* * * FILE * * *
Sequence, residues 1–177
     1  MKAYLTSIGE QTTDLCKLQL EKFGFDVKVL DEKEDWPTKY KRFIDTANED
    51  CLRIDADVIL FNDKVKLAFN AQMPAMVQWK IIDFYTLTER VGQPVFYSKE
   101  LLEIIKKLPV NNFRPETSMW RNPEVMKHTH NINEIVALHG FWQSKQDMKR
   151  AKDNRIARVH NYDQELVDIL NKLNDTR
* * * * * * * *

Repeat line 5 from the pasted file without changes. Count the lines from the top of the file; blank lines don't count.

   151  AKDNRIARVH NYDQELVDIL NKLNDTR